From a plea for an “NIH for cyber” to a plan for “software supply chain transparency,” Black Hat and DefCon insiders say it’s time for the U.S. government to ensure software safety.
Did the Republican nominee for U.S. president just encourage hackers in Russia to break into his opponent’s private email server? Here’s how several experts interpreted his comments.
Counterterrorism expert John D. Cohen tells The Parallax that to tackle terrorists’ effective Internet recruitment efforts, we need to first understand the underlying issues.
As you install any app, be cautious about the data you share with its publishers and might expose to eavesdroppers. Here’s what to look out for this election season and beyond.
To any software engineer with an imagination, the resulting possibilities are horrifying. A favorable precedent would let the government turn us into unwilling surveillance assistants.
In the 30 years since President Reagan signed the Computer Fraud and Abuse Act into law, it’s been the subject of heated controversy and undergone many alterations. What’s next?
Tech issues may be too complex—and too lacking of simple populist messages—to argue about on stage. But the candidates have their opinions. Here’s an overview.
Tech companies could offer alternatives to end-to-end encryption, but it would make their users less safe, privacy advocates say.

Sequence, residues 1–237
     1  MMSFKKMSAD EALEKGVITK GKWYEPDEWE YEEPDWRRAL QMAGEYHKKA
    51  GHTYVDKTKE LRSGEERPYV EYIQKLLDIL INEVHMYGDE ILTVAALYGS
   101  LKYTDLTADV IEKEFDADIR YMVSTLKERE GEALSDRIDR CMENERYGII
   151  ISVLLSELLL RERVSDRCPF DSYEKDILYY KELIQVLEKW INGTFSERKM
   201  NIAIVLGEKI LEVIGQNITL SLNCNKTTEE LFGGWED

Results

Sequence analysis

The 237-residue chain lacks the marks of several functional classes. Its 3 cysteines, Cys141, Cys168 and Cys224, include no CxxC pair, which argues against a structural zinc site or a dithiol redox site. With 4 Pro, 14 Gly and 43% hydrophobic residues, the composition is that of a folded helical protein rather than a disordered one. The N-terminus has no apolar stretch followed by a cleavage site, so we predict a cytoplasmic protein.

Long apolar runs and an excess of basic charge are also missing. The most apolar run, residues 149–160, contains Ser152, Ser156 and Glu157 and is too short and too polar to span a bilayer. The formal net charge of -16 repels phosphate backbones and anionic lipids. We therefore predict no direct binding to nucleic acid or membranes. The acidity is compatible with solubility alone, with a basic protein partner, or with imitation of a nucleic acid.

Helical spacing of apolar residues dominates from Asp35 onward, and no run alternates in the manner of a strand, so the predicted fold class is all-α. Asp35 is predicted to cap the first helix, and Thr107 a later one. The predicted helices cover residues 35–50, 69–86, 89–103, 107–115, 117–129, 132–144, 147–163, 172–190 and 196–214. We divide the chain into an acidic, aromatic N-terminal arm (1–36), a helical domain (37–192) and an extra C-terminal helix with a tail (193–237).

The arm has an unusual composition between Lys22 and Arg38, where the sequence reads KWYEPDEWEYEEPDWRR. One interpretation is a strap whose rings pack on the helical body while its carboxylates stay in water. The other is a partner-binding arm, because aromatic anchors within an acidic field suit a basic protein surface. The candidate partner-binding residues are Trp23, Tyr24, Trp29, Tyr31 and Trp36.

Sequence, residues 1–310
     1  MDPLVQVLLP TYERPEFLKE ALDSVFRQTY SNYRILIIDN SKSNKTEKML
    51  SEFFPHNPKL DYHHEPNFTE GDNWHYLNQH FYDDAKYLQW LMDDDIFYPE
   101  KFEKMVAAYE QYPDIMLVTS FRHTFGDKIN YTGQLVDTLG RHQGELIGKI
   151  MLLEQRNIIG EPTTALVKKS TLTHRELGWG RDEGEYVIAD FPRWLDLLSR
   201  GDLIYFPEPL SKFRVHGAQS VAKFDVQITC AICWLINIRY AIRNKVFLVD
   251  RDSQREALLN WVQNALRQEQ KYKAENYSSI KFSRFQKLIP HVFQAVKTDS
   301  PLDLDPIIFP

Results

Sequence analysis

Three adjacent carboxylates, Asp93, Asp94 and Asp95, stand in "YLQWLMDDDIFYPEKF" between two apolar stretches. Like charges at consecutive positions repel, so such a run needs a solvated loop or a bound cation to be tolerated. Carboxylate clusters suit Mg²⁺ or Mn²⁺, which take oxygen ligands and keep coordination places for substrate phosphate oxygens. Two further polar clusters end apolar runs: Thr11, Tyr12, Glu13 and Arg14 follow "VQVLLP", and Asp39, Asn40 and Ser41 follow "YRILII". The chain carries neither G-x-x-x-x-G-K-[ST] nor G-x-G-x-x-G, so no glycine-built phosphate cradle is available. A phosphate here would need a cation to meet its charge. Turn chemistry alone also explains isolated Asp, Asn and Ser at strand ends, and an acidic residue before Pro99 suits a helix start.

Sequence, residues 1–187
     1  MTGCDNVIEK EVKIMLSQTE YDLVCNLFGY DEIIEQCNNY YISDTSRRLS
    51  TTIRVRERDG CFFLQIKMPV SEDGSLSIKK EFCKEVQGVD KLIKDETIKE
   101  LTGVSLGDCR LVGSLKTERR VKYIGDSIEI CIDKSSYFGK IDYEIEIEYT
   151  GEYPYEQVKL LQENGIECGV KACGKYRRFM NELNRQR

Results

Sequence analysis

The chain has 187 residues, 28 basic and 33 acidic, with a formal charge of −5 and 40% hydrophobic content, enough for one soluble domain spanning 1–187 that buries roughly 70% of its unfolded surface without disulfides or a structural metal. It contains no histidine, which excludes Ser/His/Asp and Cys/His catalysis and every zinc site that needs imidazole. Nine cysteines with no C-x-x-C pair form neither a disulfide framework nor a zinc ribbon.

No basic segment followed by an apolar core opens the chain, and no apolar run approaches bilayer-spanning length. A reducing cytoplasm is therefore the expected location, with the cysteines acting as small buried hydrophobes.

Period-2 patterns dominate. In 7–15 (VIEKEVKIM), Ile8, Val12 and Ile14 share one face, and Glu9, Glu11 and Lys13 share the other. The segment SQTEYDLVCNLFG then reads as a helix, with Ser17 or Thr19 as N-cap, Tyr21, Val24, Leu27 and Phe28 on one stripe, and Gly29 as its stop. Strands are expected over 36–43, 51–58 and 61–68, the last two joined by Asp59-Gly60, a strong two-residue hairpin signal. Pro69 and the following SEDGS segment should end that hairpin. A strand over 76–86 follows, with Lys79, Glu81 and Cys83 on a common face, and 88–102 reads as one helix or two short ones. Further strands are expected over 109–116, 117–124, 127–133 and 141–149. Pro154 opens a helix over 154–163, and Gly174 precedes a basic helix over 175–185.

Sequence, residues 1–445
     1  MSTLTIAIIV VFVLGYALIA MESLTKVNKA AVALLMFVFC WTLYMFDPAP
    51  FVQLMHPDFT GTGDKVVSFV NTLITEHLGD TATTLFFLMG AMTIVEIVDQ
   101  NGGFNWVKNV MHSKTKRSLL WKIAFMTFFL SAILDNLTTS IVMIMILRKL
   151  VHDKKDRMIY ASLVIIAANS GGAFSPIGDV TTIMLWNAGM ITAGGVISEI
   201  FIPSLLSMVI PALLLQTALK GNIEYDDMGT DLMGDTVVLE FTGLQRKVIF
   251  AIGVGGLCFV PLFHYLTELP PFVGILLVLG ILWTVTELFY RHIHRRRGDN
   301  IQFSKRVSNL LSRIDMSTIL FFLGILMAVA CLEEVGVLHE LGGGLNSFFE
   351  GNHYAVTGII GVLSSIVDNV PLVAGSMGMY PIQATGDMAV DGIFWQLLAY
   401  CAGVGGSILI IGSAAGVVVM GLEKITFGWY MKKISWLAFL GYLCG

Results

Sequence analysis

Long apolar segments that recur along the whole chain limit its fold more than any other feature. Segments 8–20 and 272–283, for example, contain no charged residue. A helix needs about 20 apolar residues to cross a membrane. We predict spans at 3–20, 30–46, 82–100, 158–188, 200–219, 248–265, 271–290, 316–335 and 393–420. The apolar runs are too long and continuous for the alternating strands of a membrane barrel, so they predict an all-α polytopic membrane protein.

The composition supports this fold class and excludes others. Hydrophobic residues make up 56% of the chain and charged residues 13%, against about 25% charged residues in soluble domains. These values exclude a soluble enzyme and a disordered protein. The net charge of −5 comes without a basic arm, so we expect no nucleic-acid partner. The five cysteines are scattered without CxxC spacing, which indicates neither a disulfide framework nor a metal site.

The Data Security and Breach Notification Act and the Data Security Act would pre-empt arguably stronger state laws and strip the FCC of authority over data security enforcement.
Privacy advocates split on how to proceed, after the controversial cybersecurity law gets tacked on to a massive government spending bill.
Some lawmakers want social-media providers, ISPs, and other businesses to report suspected terrorist activity, but critics say additional requirements may be counterproductive.
While several tech titans require warrants to give police and prosecutors access to customers’ older stored communications, countless Internet companies with fewer legal resources likely are complying with agency-issued subpoenas.
What’s a bigger threat: government surveillance or data collection? The Parallax asks representatives of three prominent groups to explain (or refute) some of consumers’ biggest privacy concerns.
The political establishment and the tech industry aren’t clashing for the first or last time over the government’s proper role in safeguarding privacy and cybersecurity.
Some security and policy experts see the agreement as a potential model for new treaties—or, at the very least, a sign of progress. Others see a whole lot of problems.
A proposed law to make it easier for government agencies to share information also would allow businesses to deliver personal data to the NSA or FBI, critics contend.